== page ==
Snow Falling on Cedars
Ethan Hawke - Great Performance
‘Snow Falling On Cedars’ (1999) was derived from a masterful novel of the same name, set against real-life American history and penned by first-time writer, David Guterson. Director, Scott Hicks (‘Shine’ 1996, ‘Hearts In Atlantis’ 2001, ‘No Reservations’ 2007), has skillfully brought this original story to the big screen. The story is set in a fictional small town of San Piedro located on the coast of Washington State. The main part of the story occurs during the period leading up to and just after World War II. The community of San Piedro includes a population of Japanese families that work, live, and play side by side with their Anglo neighbors.
As the story opens, just after the end of the war, a well-respected local fisherman is found dead in his own nets. Refusing to believe that this could be anything but murder, a likely scapegoat is found in another local fisherman, Kazou Miyamoto (Rick Yune, ‘The Fast And The Furious’ 2001, ‘Die Another Day’ 2002), who also just happened to be involved in a land dispute with the victim. Miyamoto is not helped by his upbringing that has taught him to be stoic in the face of adversity, thus coming off as cool and uncaring to the jury at his trial.
The film frequently shifts to past events and we learn that at the core of the story is character, Ishmael Chambers, who as a young lad had become smitten with Hatsue; who is now married to Kazou. Their grown up roles are played by Ethan Hawk (‘Training Day’ 2001, ‘Before The Devil Knows You’re Dead’ 2007) and Youki Kudoh (‘Memoirs Of A Geisha’ 2005 , ‘Rush Hour 3’ 2007). As youngsters they begin to realize that their relationship is not acceptable to those around them; and the events around Pearl Harbor further doom any future they may have envisioned. We witness the entire Japanese population of San Piedro being shipped off to the Manzanar internment camp. While Ishmael never wavers in his love for Hatsue; she cannot bear the improbability of their future and breaks off the relationship with a crushing letter to Ishmael. Serving in the army when he receives this message, he becomes despondent and is gravely wounded; eventually losing an arm. As the story shifts back to the present, most of the Japanese residents have returned to San Piedro and are trying to rebuild their shattered lives in an atmosphere of paranoia and prejudice. Ishmael is still attracted to but also bitter towards Hatsue, but may be in a position to affect her fate.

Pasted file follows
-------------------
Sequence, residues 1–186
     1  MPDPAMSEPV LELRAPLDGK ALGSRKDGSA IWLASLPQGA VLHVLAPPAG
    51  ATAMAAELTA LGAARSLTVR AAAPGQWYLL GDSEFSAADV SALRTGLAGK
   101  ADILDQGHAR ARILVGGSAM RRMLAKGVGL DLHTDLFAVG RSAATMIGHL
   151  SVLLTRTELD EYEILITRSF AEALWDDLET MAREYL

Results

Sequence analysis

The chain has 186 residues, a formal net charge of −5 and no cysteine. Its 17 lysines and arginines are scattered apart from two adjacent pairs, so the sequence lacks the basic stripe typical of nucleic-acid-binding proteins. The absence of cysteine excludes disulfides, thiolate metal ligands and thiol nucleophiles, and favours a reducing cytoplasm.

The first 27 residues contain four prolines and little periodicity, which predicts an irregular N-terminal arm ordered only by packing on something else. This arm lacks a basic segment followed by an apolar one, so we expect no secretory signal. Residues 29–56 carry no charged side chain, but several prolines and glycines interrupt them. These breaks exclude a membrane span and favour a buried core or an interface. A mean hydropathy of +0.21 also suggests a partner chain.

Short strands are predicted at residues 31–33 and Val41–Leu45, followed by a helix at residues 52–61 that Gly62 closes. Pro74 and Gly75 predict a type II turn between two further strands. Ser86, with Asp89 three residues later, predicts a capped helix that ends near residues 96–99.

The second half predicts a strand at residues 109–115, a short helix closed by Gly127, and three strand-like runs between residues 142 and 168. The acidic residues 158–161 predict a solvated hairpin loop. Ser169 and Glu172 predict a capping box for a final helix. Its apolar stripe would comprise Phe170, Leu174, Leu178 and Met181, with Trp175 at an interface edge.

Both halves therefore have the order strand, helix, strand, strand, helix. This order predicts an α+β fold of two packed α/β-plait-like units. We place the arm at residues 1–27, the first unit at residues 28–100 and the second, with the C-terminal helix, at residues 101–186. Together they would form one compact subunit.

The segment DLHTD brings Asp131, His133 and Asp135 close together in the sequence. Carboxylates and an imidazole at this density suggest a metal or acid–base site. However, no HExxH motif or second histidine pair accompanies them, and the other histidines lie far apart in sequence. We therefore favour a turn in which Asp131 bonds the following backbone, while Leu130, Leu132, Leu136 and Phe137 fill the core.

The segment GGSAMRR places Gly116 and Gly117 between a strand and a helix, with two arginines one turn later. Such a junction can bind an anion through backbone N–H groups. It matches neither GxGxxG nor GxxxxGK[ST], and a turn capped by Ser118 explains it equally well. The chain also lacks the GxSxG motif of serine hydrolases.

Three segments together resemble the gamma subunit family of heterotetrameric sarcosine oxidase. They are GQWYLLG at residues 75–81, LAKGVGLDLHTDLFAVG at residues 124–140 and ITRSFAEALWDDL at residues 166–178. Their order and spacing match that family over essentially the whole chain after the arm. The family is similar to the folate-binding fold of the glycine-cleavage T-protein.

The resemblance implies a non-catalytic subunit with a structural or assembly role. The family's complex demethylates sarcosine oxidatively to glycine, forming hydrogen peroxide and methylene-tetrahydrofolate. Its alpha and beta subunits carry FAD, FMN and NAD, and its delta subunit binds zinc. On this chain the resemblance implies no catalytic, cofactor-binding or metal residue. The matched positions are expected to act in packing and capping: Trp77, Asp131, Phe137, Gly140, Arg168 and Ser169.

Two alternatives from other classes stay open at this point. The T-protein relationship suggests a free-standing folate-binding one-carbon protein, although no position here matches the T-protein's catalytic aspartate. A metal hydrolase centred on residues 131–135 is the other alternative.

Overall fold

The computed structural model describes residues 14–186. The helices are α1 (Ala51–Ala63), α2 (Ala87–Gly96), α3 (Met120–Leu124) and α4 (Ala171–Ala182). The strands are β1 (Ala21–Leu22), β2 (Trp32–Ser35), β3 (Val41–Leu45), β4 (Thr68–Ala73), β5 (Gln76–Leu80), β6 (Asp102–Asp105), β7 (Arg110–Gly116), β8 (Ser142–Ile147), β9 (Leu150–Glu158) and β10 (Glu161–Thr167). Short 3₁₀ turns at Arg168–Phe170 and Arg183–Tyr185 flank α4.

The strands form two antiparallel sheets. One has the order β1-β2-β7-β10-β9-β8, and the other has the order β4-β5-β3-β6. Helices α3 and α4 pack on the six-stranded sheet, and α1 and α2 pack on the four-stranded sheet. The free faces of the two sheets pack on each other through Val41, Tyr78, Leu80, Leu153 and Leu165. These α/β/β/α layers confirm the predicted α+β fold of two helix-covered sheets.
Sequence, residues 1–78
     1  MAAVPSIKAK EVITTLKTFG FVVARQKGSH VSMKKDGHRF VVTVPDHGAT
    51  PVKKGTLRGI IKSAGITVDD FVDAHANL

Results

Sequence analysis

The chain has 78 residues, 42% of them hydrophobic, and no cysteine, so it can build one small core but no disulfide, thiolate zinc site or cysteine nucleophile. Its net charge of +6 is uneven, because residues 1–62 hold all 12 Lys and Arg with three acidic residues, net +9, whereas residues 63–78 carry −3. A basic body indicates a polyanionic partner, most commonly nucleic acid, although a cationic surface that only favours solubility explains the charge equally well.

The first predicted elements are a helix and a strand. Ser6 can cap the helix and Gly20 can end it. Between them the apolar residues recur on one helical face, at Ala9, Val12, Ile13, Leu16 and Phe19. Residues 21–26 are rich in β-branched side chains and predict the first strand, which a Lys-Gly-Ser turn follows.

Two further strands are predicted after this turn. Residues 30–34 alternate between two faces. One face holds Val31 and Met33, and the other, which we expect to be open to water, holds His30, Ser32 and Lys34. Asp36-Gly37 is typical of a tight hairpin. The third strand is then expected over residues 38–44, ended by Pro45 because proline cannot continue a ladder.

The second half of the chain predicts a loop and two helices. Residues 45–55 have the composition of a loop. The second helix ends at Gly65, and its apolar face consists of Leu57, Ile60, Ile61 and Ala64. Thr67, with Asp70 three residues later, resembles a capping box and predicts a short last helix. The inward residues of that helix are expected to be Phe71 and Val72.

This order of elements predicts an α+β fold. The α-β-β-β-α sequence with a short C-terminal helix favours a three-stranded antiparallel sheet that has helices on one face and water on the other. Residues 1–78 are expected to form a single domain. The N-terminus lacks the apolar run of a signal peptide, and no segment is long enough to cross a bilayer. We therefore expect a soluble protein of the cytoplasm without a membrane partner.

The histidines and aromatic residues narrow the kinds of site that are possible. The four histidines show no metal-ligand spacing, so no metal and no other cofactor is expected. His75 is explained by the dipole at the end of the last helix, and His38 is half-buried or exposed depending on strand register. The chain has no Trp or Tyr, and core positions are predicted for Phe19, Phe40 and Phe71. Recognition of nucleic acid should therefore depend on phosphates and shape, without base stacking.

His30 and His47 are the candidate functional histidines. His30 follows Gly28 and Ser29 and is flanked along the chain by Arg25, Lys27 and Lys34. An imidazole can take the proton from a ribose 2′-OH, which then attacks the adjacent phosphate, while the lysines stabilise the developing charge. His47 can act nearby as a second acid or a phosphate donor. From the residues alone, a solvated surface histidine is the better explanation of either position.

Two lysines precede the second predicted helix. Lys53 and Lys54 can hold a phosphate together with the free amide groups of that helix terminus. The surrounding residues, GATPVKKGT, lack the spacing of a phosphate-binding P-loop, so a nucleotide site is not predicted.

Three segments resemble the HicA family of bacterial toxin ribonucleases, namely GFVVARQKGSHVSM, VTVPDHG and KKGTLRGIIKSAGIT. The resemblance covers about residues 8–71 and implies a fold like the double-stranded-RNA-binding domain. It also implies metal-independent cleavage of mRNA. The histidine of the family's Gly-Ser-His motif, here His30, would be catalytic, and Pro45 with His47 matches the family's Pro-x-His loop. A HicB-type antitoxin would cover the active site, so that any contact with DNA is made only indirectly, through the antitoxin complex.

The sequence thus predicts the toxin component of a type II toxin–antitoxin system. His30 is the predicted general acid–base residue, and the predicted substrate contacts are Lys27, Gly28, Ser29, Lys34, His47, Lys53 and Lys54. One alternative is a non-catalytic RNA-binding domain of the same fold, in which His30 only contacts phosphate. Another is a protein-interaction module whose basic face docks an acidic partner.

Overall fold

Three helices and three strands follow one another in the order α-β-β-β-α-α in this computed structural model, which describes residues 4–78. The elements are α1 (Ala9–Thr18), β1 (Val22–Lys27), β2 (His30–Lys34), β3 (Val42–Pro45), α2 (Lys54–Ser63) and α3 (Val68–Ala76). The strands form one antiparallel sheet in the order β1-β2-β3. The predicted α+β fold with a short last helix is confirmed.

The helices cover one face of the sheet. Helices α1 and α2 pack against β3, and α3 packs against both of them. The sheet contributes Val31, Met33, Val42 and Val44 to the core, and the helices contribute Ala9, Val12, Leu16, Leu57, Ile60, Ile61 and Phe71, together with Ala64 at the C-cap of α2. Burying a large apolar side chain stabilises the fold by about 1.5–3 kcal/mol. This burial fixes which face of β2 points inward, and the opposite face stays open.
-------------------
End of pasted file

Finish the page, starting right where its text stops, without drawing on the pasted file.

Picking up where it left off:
Max von Sydow (a pedigree too huge to cite here) plays the curmudgeonly lawyer assigned to defend Kazou and nearly steals the show with some great lines. But the other ‘star’ here is the cinematography; handled by Robert Richardson. ‘Snow’ did not garner any Oscars, but was nominated in this category by the Academy and a few other organizations. Hicks also contributes by employing a number of effects and shots that add to the mood of this film. The script is richly layered with themes and subplots and is really faithful to the novel it is based on. This is a rarity in my experience, and I usually dismiss that connection altogether when considering such films. “Snow’ delivers a real period look and feel and gives you characters that you can actually be interested in. Given the romantic angle, it could possibly qualify as a date-movie as well. This is one movie that shouldn’t leave you cold.